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The Anti-Bernanke


Eric50
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For all the neo-keynesians on this board (and for the others too) there is a must read interview of Leszek Balcerowicz, a Polish economist, in today's WSJ. This is actually an incredible irony: people who understand best the nature of capitalism are often found in former communist countries.

 

"Generally in the West, intellectuals like to blame the markets," he says. "There is a widespread belief that crises occur in capitalism mostly. The word crisis is associated with the word capitalism. While if you look in a comparative way, you see that the largest economic and also human catastrophes happen in non-market systems, when there's a heavy concentration of political power—Stalin, Mao, the Khmer Rouge, many other cases."

 

Going back to the 19th century, industrializing economies recovered best after a crisis with no or limited intervention. Yet Keynesians continue to insist that only the state can compensate for the flaws of the market, he says.

 

"This idea that markets tend to fall into self-perpetuating crises and only wise government can extract the country out of this crisis implicitly assumes that you have two kinds of people. Normal people who are operating in the markets, and better people who work for the state. They deny human nature."

 

http://online.wsj.com/article/SB10001424127887323981504578179310418828782.html

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Another economist fighting yesterdays war. Many of these practitioners have built their ideas and careers on fighting inflation, and as a result tend to be ideologically opposed to monetary easing measures. Man with a hammer....

 

Mr Balcerowicz does not acknowledge the obvious problems with his ideas - he doesn't recognize the fact that we're seeing the risk of monetary contraction with the end of a credit bubble, something that would be disastrous and impair the economy massively for many years. He assumes that businesses will immediately implement structural changes in a slowing economy, and doesnt acknowledge the fact that many of them would find it impossible to do so with credit tightening substantially. He assumes that ME is distortive, but apparently believes that monetary contraction wouldn't be? Finally, there's another implicit assumption in his line of logic that the credit bubble and recession was driven by business efficiencies, and that it is these businesses that need to restructure operations, and are being hindered by Fed policies. There is no theoretical or empirical basis for this idea. Nobody knows why credit bubbles happen...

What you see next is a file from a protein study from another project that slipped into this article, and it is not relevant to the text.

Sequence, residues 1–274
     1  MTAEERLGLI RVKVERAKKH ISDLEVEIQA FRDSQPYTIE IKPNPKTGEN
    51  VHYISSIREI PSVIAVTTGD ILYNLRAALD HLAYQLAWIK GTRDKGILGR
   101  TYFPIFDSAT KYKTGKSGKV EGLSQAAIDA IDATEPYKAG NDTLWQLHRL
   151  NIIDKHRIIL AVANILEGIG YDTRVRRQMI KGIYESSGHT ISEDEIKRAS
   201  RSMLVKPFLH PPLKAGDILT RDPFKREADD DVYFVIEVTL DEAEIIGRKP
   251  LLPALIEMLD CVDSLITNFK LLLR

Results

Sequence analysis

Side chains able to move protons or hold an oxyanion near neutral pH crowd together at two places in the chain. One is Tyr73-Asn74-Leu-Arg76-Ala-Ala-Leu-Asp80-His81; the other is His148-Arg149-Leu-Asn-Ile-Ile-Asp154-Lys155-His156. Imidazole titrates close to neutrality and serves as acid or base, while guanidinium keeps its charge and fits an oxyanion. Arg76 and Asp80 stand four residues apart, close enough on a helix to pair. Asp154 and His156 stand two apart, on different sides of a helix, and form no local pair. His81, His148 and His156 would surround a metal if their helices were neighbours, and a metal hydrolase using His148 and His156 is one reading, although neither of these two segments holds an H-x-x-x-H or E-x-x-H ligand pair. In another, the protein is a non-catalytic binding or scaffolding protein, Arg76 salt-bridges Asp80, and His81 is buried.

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Another economist fighting yesterdays war. Many of these practitioners have built their ideas and careers on fighting inflation, and as a result tend to be ideologically opposed to monetary easing measures. Man with a hammer....

 

 

"Man with a hammer..." This is the whole point. Bernanke has only one tool, monetary easing, and that's all he can do... With disastrous results...

 

Nobody knows why credit bubbles happen...

 

Your underlying assumption is incorrect: Why did we have the tech bubble in the late 90s? Why did we have the real estate bubble in 2002-2007??? Ever heard about monetary easing and low interest rates back then? Don't you think that those fed the speculation? Easing/printing is all the Fed can do - again they are the ones with only one mental model... And they can't even realize that it has unexpected consequences and create bubbles...

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No, he can do monetary "tightening" too. What evidence is there that the results have been "disastrous"? Please remind me what happened the last time the money supply contracted after a massive credit bubble burst?

 

Are you aware the Federal Reserve started raising their rates starting with 2004 from their low and pretty much every quarter until the credit crisis broke out in 2007? Overall Fed rates stayed depressed for only a short period of time, and cannot account for the massive credit bubble. Why were there credit bubbles elsewhere?

 

You've bought into this BS of "Fed caused the bubble because they kept rates low 02-07", a position that has little empirical evidence and yet you presume it to be fact. You realize many of the people who saw the credit bubble happening first thought about it in the 98-03 period? Mike Burry published his report on "Extension of Credit by Instrument" in 2003...

 

So yes, I have heard of "monetary easing and low interest rates back then". You basically ignored every single point I made in the post above. Instead of questioning why I have heard of it, please try to learn why others have a very obvious reason for disagreeing with you.

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Palantir,

 

There is an elephant in the room and you don’t see it.

 

You think monetary easing is the solution while it is the problem. You are advocating more of the same thinking it will solve the problem. But the initial problem was created by the Fed’s monetization.

 

What’s interest rate? It’s the price of money. Historically many countries have tried to control prices and it has never worked. Nixon implemented price controls in the early 70s; it led to instability and inflation. France also tried price controls in the early 80s when I grew up there; believe me the results were not pleasant…. By imposing interest rates, the Fed is actually trying to control the price of money, creating in the process huge misallocations of capital. History just keeps repeating itself.